Benny Gantz reassured members of Kahol Lavan, his political alliance with Yair Lapid, following a report by Israel’s Channel 12 on Thursday that Iran hacked his cellphone, saying that there are no sex tapes of him.
The former army chief is scheduled to address the report in a press conference at 4:30 P.M. local time on Friday, Kahol Lavan announced.
According to the report by journalist Amit Segal, Gantz was approached by two officials from Israel’s Shin Ben security service five weeks ago, during the election campaign, and was informed that his private device was breached. The two told Gantz that the hack into one of his devices occured around that time, during the election campaign, and that the Iranians have the content of his phone.
>> Analysis: Iranian hacking of Gantz’s phone could open door to blackmail – and impact Israel’s election
Kahol Lavan confirmed the report in an official statement that read: "We don’t comment on issues that are at the heart of state security. It is important to emphasize that this incident happened four years after Gantz finished his tenure as chief of staff, [a fact] that raises many questions regarding the timing of the report’s publication."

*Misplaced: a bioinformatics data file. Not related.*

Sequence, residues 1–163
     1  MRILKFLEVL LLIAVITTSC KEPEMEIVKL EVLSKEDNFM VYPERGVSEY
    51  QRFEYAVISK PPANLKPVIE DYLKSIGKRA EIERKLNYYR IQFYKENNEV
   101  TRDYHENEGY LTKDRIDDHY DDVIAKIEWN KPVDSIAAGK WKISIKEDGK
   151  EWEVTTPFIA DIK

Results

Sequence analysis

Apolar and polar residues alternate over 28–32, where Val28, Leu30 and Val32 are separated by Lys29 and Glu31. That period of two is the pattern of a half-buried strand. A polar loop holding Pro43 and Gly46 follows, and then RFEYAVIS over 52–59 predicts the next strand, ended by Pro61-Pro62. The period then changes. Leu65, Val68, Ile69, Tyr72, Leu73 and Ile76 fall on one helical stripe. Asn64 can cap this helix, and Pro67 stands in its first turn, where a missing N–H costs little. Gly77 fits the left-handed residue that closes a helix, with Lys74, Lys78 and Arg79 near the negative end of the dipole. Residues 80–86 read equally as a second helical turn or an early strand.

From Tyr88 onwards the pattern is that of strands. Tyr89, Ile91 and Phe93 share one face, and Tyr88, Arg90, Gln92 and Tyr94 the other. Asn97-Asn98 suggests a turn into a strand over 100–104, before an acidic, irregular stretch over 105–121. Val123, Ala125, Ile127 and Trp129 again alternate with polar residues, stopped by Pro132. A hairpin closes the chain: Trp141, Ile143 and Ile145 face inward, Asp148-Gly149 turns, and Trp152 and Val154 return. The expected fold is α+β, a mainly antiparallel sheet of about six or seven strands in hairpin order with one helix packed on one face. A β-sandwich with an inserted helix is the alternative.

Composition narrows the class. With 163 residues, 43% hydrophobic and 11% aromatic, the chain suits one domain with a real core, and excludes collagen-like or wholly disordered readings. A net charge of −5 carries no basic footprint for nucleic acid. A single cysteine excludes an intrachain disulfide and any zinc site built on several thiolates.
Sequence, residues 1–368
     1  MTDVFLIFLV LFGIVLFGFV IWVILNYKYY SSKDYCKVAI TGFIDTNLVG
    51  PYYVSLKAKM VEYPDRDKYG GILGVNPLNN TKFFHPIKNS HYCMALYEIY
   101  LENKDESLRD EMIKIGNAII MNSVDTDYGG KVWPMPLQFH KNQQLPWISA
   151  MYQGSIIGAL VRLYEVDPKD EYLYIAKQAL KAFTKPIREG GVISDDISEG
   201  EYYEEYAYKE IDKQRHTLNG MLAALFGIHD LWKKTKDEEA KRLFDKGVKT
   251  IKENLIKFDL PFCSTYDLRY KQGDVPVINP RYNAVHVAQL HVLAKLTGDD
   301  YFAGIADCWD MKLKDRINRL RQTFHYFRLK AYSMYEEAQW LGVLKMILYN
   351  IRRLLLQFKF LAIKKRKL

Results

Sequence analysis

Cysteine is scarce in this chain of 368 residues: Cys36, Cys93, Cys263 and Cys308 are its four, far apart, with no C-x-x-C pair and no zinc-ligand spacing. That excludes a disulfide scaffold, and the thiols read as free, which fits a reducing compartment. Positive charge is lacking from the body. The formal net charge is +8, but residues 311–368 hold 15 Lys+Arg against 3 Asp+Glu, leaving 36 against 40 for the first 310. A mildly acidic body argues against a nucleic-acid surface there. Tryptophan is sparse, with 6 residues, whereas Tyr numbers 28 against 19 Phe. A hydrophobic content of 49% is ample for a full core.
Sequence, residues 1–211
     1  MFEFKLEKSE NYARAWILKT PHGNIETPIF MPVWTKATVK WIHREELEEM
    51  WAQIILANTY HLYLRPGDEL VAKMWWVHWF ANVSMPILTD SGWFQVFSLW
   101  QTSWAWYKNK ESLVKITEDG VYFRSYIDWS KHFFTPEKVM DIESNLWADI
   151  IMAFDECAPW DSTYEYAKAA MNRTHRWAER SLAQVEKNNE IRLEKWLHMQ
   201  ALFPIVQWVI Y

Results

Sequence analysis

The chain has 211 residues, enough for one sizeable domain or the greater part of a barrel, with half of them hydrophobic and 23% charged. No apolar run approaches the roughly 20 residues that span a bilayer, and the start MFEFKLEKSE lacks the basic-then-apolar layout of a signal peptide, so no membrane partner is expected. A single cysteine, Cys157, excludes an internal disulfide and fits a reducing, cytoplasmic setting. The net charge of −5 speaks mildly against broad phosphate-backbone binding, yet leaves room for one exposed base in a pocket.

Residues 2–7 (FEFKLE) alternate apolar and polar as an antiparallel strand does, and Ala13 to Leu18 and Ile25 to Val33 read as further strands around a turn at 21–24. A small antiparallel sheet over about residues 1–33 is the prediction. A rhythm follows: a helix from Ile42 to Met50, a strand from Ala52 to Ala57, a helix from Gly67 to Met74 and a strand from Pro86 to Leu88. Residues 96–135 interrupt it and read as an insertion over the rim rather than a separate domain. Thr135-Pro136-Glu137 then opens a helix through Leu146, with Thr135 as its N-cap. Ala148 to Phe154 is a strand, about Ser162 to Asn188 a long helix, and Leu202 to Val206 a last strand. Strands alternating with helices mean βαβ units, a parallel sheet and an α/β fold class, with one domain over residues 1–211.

The news report said that the Shin Bet officials clarified to the ex-Israel Defense Forces chief that this meant Tehran had access to all kinds of information he may have stored on his phone: personal and professional. Gantz was also informed that this served as a potential security risk, seeing as Iran might unveil information it finds on his cellphone after the election, or tamper with the election process.
Should Gantz win the election, the Shin Bet officials clarified, this could endanger him and Israel’s security. However, the former general was told that he could "proceed according to his own judgement."
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Due to the sensitivity of the report, Segal noted that the Israeli censor approved the publication of the information before he went on air.
The Shin Bet did not comment on the report.
In January, Shin Bet head Nadav Argaman said that a foreign country intends to intervene in Israel’s upcoming election via hackers and cybertechnology. Argaman said it remains unclear at this point what the foreign nation’s political interests are, but that "It will meddle – and I know what I’m talking about."